The Self-Publisher’s Dilemma

Tempting...very tempting...

Like everyone else, I’m very interested in how ebooks are going to change the publishing world, especially since I hope to be a part of that world in the near future.  Lately one of the things that has been coming up is the idea of self-publishing.  With ebooks on the rise, and easy-to-use self-publishing platforms readily available, why not just self-publish and cut out the middle man? That way, you make more money per book, and can sell your books for less.  Seems like a win-win-win situation.  But…

There’s always a but.  In fact, in this case there are two “buts” that I’ve noticed when it comes to self-publishing.

First, now that anyone can pretty much put anything up on the kindle, there is a lot out there.  And, I hate to say it, but a lot of it isn’t very good.  I have nothing against self-publishing; for some people, it’s a better way to get their stuff out there, and I’m sure there are a lot of great stories available that wouldn’t otherwise be.  But there’s also a lot of not-so-great stories available.  What this means is that trying to find a good self-published story in the murky sea of words out there is difficult.

True, there are some traditionally published books that aren’t so great, either.  I know I can think of several times I’ve read something and wondered how it got published.  On the other hand, writing is so subjective, that those same books were highly recommended by other readers, so again, personal opinion plays a large role here.  But, back to the point, with traditionally published books at least there’s some kind of filter.  With self-publishing, that filter has been torn off so it’s up to the reader to figure out what’s good and what isn’t.  Which is exciting, yes, but also difficult, and leads to my second issue:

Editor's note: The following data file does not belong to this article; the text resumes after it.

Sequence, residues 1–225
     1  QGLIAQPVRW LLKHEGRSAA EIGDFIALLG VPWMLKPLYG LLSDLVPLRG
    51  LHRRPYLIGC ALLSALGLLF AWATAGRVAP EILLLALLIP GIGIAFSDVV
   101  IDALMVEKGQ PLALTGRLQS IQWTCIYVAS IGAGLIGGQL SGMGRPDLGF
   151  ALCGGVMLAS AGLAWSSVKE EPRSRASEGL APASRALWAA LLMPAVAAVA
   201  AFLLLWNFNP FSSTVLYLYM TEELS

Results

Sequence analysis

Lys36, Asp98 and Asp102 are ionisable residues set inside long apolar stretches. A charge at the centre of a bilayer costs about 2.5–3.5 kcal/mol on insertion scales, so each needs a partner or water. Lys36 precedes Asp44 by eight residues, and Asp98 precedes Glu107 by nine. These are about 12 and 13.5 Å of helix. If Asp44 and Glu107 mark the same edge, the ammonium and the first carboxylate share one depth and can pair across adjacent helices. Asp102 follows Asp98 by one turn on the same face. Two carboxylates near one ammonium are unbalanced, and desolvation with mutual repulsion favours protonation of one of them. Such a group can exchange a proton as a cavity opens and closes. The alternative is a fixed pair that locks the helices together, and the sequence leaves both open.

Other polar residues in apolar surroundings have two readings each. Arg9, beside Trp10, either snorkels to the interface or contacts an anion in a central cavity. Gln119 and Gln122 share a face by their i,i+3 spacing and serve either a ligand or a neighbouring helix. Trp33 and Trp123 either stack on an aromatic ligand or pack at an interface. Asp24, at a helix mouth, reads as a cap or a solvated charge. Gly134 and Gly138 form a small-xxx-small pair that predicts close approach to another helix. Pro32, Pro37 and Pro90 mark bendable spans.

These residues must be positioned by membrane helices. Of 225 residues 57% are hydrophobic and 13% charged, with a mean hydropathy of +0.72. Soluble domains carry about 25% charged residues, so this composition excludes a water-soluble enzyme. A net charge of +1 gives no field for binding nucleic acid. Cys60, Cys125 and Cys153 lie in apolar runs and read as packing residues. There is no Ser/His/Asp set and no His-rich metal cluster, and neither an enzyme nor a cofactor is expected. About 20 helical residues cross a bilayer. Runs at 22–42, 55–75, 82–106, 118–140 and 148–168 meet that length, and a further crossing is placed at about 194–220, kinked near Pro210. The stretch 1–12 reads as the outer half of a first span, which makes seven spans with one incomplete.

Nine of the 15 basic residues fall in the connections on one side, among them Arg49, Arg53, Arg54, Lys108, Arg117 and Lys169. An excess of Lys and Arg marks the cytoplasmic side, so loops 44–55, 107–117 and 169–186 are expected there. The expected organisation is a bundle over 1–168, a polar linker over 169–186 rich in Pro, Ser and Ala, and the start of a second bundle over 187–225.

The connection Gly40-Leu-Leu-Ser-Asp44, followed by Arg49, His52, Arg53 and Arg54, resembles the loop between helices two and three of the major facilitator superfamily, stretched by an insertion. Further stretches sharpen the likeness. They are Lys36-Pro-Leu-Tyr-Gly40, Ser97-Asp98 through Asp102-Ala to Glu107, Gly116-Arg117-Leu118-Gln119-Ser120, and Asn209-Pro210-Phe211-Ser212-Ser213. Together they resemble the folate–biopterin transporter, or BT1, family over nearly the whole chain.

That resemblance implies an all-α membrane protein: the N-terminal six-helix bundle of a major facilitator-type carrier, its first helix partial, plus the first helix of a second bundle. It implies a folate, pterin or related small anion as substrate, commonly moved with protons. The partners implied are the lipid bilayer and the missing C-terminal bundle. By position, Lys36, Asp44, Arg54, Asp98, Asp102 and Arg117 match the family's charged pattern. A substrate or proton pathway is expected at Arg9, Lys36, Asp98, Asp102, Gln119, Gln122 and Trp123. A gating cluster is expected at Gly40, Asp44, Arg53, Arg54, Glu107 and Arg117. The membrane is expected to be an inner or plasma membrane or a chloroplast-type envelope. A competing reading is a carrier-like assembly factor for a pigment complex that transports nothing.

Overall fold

How do you make your self-published book stand out from the rest? This is something I argue about with my husband all the time.  As I’m researching agents and working on my query letter, he’s asking me why I don’t try self-publishing and bypass all that, and the reason is, I know my own limitations.  Would I be good enough at marketing myself to become well-known? Probably not.  True, in today’s world authors are expected to market themselves anyways, but in going the traditional route, they have some help.  A lot of help, actually.  If you self-publish, you go it alone for everything.

This means marketing, finding an editor, scheduling your own book signings and talks, everything.  Amanda Hocking, one of the kindle millionaires that everyone has been buzzing about lately, says it best in her post here when she explains, “I am continuously overwhelmed by the amount of work I have to do that isn’t writing a book.”

On the other hand, it’s clear that times are changing.  There are some great comments on Nathan Bransford’s blog about all of this, and how mid-list authors will be the first to switch over.  Already Barnes and Noble announced it will welcome self published authors through its self-publishing platform, PubIt! Shari Lopatin took a look at this platform and the issues it raises over at her blog, if you want to check out her post.

As for me, I still want to go the traditional publishing route, if only to prove that yes, I was good enough to get in that way.  But I have a feeling that, as things change, more people will turn to self-publishing and not as a last resort, but as just another option.  What do you think?

Advertisements